Archive for the ‘Management’ Category


Oh the irony! First introduced in 1979, Harvard Business School professor Michael Porter’s Five Forces analysis of competitiveness has continued to make its mark. The forces—which include the bargaining power of suppliers, the bargaining power of customers, the threat of new entrants, the threat of substitute products, and the competitive rivalry within the industry—have been widely used to understand the factors that affect profits in an industry. Yet in November of 2012, the Monitor Group, a strategy consulting firm co-founded by Porter, filed for bankruptcy.

This led Forbes contributor Steve Denning to ask, “Why didn’t the highly paid consultants of Monitor use Porter’s famous five-force analysis to save themselves?” In a widely read 3000-word article, Denning uses Monitor’s demise to lambast the Five Forces. In the process, he raises serious questions about the nature and future of strategy consulting. Denning attributes Monitor’s problem to a “conceptual error” on Porter’s part: “In the theoretical landscape that Porter invented,” he writes, “all strategy worthy of the name involves avoiding competition and seeking out above-average profits protected by structural barriers. Strategy is all about figuring out how to secure excess profits without having to make a better product or deliver a better service.” And this, he argues, is neither a boon for society nor, in the long-term, for a firm.


Denning’s is a harsh indictment. Yet the Five Forces are still widely taught at top business schools, including here at Kellogg. I have invited a number of Kellogg faculty members who teach strategy to consider Denning’s arguments. What follows are the thoughtful responses of professors Craig Garthwaite, Thomas Hubbard, David Dranove, David Besanko, Meghan Busse, Mike Mazzeo, and Justin Lenzo in the form of a written dialogue.

Craig Garthwaite

Craig Garthwaite
Craig Garthwaite, Assistant Professor of Management & Strategy

I must say that, in his attack on Michael Porter, Steve Denning constructs a fairly lengthy and pessimistic caricature of both the profession of management consulting and the academic field of the economics of strategy. After reading the article, one couldn’t help but think that strategy academics and consultants were just modern versions of historical snake-oil salesmen. Denning appears to believe that modern-day strategy is simply the search for industries whose basic characteristics lead to higher profits—an outcome he labels, or more accurately mislabels, a “sustainable competitive advantage.” He concludes that there are no (or very few) situations where these characteristics exist and therefore strategy practitioners are charlatans and frauds. While this straw man argument creates a compelling screed against Porter and his now defunct Monitor Group, it reflects an understanding of the current state of the economics of strategy that is far below that of even my worst first-year MBA student.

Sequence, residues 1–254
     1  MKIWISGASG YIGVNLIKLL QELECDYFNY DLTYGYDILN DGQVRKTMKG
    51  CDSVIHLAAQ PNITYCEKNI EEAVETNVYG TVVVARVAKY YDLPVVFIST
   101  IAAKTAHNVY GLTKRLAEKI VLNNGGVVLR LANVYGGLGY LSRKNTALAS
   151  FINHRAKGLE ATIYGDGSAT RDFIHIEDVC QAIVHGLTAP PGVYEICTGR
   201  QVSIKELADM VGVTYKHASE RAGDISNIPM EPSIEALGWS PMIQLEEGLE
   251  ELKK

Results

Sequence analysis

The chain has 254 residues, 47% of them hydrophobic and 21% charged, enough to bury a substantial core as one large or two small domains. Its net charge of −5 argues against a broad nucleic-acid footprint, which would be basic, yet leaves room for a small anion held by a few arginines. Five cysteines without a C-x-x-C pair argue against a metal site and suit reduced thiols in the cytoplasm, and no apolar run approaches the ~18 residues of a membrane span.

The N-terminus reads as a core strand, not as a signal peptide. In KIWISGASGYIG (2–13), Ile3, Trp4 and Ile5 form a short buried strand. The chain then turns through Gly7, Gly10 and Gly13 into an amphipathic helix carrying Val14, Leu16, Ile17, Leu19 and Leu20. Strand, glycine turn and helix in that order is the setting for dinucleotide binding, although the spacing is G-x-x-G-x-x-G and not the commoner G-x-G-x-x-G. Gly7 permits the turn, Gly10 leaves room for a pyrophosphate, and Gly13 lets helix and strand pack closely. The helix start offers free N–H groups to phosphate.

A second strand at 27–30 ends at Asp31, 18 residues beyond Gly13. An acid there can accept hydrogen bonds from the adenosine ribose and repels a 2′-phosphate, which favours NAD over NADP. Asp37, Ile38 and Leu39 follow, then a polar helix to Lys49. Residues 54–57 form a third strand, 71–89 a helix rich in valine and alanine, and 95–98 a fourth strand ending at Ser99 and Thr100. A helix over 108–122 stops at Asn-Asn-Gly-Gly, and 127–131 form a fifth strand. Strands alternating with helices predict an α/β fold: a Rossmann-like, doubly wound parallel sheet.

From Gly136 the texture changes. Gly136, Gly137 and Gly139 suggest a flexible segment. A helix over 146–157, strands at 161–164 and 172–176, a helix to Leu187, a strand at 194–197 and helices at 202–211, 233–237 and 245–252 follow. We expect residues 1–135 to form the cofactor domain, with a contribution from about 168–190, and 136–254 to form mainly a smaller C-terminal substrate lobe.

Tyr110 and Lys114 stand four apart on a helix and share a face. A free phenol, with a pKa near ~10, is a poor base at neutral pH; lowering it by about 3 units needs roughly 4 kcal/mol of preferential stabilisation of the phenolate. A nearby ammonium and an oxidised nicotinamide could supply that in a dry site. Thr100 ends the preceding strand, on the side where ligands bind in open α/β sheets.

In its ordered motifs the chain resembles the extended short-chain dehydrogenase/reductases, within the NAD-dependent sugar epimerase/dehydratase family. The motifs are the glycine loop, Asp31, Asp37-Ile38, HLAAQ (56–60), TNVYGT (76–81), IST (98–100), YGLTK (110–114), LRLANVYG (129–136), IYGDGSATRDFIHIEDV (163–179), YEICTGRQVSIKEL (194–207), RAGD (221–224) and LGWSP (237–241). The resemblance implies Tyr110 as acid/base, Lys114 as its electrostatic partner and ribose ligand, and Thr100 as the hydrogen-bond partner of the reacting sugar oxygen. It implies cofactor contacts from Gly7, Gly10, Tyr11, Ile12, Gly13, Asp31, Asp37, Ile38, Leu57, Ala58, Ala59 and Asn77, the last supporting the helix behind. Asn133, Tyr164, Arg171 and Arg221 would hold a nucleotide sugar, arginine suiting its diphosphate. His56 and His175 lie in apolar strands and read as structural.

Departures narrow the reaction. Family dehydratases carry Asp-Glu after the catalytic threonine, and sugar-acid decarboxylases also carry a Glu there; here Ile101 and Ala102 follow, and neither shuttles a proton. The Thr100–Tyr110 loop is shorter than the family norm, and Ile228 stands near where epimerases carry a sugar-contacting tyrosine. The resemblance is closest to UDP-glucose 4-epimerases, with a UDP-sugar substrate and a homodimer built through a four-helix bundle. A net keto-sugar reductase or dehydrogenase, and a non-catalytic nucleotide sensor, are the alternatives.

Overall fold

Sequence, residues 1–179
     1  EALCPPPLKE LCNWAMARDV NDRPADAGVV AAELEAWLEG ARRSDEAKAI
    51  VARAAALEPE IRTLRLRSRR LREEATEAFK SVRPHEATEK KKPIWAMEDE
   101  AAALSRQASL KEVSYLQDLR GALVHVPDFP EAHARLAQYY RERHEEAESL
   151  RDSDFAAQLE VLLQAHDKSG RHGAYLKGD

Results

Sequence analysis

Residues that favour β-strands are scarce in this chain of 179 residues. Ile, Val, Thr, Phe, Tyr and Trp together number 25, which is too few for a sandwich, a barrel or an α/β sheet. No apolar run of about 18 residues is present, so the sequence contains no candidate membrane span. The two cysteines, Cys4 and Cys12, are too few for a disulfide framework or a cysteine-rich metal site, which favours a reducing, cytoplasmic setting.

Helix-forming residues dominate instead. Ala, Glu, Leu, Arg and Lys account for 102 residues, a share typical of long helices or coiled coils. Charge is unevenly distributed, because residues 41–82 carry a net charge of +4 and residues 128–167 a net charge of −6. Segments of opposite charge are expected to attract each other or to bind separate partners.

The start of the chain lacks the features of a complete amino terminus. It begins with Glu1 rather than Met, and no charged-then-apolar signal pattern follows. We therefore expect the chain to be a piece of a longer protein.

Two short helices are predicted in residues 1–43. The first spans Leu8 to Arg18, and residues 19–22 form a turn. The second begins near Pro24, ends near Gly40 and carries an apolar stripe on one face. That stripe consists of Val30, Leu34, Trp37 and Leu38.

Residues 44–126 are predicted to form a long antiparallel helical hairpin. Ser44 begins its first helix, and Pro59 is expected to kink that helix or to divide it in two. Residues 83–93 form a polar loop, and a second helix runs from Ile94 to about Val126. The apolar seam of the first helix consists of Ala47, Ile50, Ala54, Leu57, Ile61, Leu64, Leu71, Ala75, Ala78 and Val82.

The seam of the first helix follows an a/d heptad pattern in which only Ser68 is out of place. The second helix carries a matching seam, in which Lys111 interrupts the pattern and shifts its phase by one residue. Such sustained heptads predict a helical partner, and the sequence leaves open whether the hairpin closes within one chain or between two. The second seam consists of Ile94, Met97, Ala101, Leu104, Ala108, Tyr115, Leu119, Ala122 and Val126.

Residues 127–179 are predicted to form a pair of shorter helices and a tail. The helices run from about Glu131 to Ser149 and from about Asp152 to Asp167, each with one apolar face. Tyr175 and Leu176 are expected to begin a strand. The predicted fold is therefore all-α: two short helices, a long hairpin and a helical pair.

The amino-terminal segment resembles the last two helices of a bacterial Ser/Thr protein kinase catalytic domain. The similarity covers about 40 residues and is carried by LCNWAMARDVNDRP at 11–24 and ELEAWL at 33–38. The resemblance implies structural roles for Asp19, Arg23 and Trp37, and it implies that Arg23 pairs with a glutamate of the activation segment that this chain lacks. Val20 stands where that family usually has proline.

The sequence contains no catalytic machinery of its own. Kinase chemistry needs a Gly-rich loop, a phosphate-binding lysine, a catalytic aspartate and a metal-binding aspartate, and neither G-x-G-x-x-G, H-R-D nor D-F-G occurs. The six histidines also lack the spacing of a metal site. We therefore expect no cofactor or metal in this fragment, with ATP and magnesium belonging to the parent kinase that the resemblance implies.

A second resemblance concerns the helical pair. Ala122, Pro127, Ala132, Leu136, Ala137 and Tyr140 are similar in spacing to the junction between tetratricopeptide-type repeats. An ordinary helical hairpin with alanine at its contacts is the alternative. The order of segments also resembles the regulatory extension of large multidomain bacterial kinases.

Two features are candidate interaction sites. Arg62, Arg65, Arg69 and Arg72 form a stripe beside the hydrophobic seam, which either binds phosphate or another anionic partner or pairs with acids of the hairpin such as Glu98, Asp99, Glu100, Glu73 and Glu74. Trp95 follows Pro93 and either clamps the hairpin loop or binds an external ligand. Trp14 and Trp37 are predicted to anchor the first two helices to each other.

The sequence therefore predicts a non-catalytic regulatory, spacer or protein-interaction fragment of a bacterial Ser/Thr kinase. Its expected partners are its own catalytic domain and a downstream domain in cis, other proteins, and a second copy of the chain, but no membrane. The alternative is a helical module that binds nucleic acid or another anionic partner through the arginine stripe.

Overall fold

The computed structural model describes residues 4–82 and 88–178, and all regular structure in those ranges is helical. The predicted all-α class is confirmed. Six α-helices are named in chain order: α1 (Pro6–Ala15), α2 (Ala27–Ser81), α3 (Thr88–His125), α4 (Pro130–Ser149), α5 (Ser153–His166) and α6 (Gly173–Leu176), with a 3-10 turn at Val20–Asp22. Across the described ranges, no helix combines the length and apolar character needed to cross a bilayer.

The reality is that analyzing an industry’s basic characteristics, often through a framework such as Michael Porter’s Five Forces, is only a starting point for firm strategy. As we teach at Kellogg, once you understand these basic economic characteristics, you can move on to considering firm-specific assets and activities that generate above-average economic profits over time. This is a far more conventional, and frankly useful, definition of a sustainable competitive advantage.

These above-average profits come not simply from high barriers to entry or favorable government regulations, but rather from a firm’s ability to effectively create and, importantly, capture value.   Firms must capture value through prices determined in competition with other firms.  However, at no point does this limit our analysis to a zero-sum contest for profits between firms in an industry.  Innovative firms, such as those cited in Denning’s article, are often those who more effectively create value, differentiate their products, and sustain high profits.

Thomas Hubbard

Thomas Hubbard
Thomas Hubbard, Elinor and H. Wendell Hobbs Professor of Management

Hammers are really useful tools. It is hard, if not impossible, to build a house without one.  But trying to build a house using only hammers won’t work. Denning’s main complaint is that strategists should not build houses using only hammers, and he accuses Monitor of trying to do so.